Von Gibson v. Estate of Lynch (1988)Annotate this Case
STEVE VON GIBSON, Plaintiff and Appellant, v. Estate of JAMES D. LYNCH, Deceased, Defendant and Respondent
(Opinion by Thaxton, J., with Wiener, Acting P. J., and Benke, J., concurring.) [197 Cal. App. 3d 726]
Alan M. Martin and Milton J. Silverman, Jr., for Plaintiff and Appellant.
Douglas R. McCorquodale and James L. Clark III for Defendant and Respondent. [197 Cal. App. 3d 728]
Plaintiff Steve Von Gibson (Von Gibson) appeals a summary judgment favoring defendant Estate of James D. Lynch (Estate) on Von Gibson's complaint for personal injuries as a result of an automobile accident in which James D. Lynch (Lynch) was killed.
Factual and Procedural Background
On February 26, 1982, Von Gibson and Lynch were involved in a head-on collision. Lynch was driving a vehicle owned by his employer, Rainier Brewing Company, Inc. (Rainier). Lynch died at the scene of the accident and Von Gibson sustained injuries.
Von Gibson sued Lynch and Rainier on February 16, 1983, and also named Does 1 through 10 as defendants. On September 25, 1984, Von Gibson served on Rainier a request for identification and production of documents, seeking Rainier's policy of insurance. After Rainier failed to produce the insurance policy, Von Gibson brought a motion to compel. Rainier produced the requested document on January 2, 1985, showing Lynch was an insured under Rainier's policy.
On February 15, 1985, Von Gibson filed a petition to open the Estate of James D. Lynch under Probate Code section 721. fn. 1 On April 15, 1985, the court granted the petition.
Von Gibson filed an amendment to his complaint on April 26, 1985, substituting the Estate as a Doe defendant in his original complaint. Estate moved for summary judgment, arguing Von Gibson's complaint against Estate filed on April 26, 1985, was barred by the statute of limitations. After hearing, the court took the case under submission and granted summary judgment for Estate.
[1a] Von Gibson contends the court erred in granting summary judgment on the ground his action was barred by the statute of limitations. He asserts he sued Estate timely because his amendment to the complaint naming Estate relates back to the original filing under Code of Civil [197 Cal. App. 3d 729] Procedure fn. 2 section 474. He claims at the time he filed his complaint, he was actually ignorant of the facts giving him a cause of action against Estate under Probate Code section 721, specifically, that Lynch was an insured under Rainier's policy of insurance.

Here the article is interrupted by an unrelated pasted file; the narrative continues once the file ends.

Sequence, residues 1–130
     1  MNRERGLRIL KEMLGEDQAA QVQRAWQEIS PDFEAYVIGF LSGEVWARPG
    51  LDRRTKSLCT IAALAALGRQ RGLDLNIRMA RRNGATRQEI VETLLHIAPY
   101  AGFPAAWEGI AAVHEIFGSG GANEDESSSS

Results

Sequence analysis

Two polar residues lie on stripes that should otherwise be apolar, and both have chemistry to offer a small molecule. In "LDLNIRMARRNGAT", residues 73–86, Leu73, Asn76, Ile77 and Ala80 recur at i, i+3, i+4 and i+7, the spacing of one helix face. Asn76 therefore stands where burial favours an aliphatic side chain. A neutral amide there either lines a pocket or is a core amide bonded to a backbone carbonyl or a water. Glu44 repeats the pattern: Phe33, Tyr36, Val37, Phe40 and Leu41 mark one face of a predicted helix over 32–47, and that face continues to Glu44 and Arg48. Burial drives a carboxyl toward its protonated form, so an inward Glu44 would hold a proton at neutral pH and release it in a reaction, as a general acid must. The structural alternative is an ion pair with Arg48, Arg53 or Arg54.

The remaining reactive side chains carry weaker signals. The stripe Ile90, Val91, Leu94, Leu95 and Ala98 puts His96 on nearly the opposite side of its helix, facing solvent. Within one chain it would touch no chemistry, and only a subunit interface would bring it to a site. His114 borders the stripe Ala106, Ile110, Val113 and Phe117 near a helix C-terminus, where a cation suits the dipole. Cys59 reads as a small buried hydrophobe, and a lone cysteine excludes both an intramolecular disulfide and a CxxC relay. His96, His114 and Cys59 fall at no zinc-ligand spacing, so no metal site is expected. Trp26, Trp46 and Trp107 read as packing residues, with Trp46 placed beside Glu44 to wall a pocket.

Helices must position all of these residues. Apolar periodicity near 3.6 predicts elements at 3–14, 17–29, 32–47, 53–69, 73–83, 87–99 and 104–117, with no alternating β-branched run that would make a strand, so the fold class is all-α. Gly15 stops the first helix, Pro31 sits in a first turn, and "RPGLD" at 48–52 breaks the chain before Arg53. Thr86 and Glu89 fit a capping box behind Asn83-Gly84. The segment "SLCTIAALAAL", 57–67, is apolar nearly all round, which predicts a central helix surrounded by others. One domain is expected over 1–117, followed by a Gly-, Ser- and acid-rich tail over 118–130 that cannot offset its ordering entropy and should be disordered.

Under section 340, subdivision (3), an action for injury to one caused by the wrongful act or neglect of another must be brought within one year of the act causing injury. (See Petrucci v. Heidenreich (1941) 43 Cal. App. 2d 561, 562 [111 P.2d 421].) However, where the person against whom the action may be brought dies before the expiration of the applicable statute of limitations, an action against the estate under Probate Code section 721 may be commenced within one year after the applicable statute has run. (§ 353.) Thus, where the defendant has died, section 353 serves to extend the one-year limitation period of section 340, subdivision (3) by an additional year for an action against the estate under Probate Code section 721.
Here, the accident in which Lynch was killed and Von Gibson was injured occurred on February 26, 1982. Von Gibson had one year from that date in which to file his action against Rainier as owner of the vehicle driven by Lynch. He timely did so on February 16, 1983. Under section 353, Von Gibson had two years from the date of the accident in which to file his action against Estate under Probate Code section 721. Although he named Lynch and Doe defendants in his original complaint filed on February 16, 1982, Von Gibson did not amend his complaint to name Estate until April 26, 1985, clearly outside the two-year statute of limitations.
[1b] Von Gibson argues under section 474 his Doe amendment relates back to the original filing of the complaint for purposes of the statute of limitations because he was ignorant of the identity of Estate and the facts giving him a cause of action against Estate.  "A plaintiff ignorant of the identity of a party responsible for damages may name that person in a fictitious capacity, a Doe defendant, and that time limit prescribed by the applicable statute of limitations is extended as to the unknown defendant." (Munoz v. Purdy (1979) 91 Cal. App. 3d 942, 946 [154 Cal. Rptr. 472].) Where a complaint sets forth a cause of action against a Doe defendant and his true name is later discovered and substituted by amendment, that defendant is considered a party to the action from its commencement so that the statute of limitations stops running as of the date of the original complaint. (Austin v. Massachussets Bonding & Insurance Co. (1961) 56 Cal. 2d 596, 600 [15 Cal. Rptr. 817, 364 P.2d 681].) "'The plaintiff is deemed "ignorant of the name" if he knew the identity of the person but was ignorant of [197 Cal. App. 3d 730] the facts giving him a cause of action against the person [citations], or knew the name and all the facts but was unaware that the law gave him a cause of action against the fictitiously named defendant and discovered that right by reason of decisions rendered after the commencement of the action.'" (Munoz v. Purdy, supra, 91 Cal.App.3d at p. 946.)